States continue to actively promote supportive housing, with virtually every Housing Credit agency fostering some form of supportive housing development through its Housing Credit program, according to the Corporation for Supportive Housing (CSH). In the latest edition of its now-annual report, CSH reviewed 54 qualified allocation plans (QAPs) to examine Housing Credit allocating agencies’ strategies to foster and encourage supportive housing development, highlighting significant 2012 QAP changes.
The report identifies a variety of innovative Housing Credit allocation approaches that favor supportive housing, including threshold requirements, set-asides, and scoring incentives. According to the report, changes in these approaches since the publication of the 2011 assessment reflect the growing demand and desire for quality supportive housing. Highlights include:
- Nearly all Housing Credit agencies (50 out of 54) provide potential scoring advantages for supportive housing.
- Forty-four Housing Credit agencies provide general scoring incentives encouraging supportive housing, special needs housing and/or housing for people with disabilities. This number increased from 2011. Two states, Arizona and Connecticut, added scoring incentives for supportive service provision.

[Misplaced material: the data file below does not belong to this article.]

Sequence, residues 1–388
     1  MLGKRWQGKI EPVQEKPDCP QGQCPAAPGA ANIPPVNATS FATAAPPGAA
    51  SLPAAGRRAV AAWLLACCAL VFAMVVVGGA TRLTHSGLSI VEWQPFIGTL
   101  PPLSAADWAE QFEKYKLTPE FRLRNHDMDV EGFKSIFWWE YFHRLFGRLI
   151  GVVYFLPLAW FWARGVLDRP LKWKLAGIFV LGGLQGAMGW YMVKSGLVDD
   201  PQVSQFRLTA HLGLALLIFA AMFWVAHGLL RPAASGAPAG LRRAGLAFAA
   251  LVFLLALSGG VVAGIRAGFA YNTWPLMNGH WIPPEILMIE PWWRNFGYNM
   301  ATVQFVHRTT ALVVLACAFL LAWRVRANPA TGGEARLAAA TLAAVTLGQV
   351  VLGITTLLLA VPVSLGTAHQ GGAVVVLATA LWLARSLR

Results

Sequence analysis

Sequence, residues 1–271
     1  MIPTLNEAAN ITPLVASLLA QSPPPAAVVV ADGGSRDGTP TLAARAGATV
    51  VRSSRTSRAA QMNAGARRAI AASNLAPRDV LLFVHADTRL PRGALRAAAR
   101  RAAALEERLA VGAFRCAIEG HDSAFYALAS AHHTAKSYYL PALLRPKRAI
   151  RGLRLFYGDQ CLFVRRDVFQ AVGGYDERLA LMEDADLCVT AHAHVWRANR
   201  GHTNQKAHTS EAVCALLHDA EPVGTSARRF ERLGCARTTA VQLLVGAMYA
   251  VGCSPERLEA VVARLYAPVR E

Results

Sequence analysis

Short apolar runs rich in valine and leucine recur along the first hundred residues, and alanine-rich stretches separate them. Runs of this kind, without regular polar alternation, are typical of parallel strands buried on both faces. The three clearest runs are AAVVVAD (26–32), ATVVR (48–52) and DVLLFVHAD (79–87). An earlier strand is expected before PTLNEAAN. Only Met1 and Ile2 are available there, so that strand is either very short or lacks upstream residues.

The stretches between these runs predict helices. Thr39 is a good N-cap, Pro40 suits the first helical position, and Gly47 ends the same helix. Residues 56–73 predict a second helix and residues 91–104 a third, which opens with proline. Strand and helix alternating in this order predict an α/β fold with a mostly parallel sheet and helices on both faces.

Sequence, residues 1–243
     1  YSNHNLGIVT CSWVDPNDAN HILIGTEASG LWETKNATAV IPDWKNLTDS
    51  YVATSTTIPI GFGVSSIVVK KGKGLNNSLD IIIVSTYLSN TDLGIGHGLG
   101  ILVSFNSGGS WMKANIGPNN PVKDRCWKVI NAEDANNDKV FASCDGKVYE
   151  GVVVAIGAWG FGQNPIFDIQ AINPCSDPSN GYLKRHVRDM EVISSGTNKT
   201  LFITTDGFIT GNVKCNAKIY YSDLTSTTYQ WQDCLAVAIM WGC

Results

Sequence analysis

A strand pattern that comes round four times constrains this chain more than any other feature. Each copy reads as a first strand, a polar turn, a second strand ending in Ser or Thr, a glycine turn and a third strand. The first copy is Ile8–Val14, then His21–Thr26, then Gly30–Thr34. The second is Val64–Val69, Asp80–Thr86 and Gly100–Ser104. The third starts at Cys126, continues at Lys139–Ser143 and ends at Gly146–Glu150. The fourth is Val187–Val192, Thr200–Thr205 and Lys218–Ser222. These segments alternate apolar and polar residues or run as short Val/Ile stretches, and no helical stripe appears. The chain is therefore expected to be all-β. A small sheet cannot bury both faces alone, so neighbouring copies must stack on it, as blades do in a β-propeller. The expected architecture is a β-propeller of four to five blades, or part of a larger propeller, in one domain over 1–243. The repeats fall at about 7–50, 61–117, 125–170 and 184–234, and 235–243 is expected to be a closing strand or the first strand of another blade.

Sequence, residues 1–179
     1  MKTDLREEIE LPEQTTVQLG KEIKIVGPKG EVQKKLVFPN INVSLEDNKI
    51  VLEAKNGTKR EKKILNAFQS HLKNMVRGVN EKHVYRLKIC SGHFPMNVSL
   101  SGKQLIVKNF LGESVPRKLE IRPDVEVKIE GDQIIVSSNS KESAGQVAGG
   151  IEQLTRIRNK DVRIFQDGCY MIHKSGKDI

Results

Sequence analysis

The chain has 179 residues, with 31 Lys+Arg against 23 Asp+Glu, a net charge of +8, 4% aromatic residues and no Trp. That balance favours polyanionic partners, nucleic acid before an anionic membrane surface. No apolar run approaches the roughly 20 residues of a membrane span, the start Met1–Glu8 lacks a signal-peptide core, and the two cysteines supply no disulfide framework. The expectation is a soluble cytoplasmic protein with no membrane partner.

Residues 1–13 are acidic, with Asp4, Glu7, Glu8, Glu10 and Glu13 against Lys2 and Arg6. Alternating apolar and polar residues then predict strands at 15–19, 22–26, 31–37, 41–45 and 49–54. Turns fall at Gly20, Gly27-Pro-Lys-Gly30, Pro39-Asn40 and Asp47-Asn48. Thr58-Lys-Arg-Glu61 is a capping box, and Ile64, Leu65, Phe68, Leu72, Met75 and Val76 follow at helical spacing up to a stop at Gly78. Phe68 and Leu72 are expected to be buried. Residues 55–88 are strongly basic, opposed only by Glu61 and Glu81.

- Nineteen Housing Credit agencies promote supportive housing with Credit set-asides.
- Two Housing Credit agencies, Alaska and North Carolina, have threshold requirements of dedicating 5 to 10 percent of Credit apartments for supportive housing. Six additional Housing Credit agencies have more general threshold requirements that promote supportive housing.
For the report’s purposes, supportive housing refers to housing with attached intensive services targeted to populations with special needs who struggle to retain stable housing without easy access to comprehensive supportive services, including persons who are currently or formerly homeless; persons with serious, chronic mental health issues; people affected by substance use; people with HIV/AIDS; people with physical or developmental disabilities; ex-offenders; frail elderly; homeless or emancipated youth; victims of domestic violence; and other groups that would not be able to live independently and maintain housing without intensive support.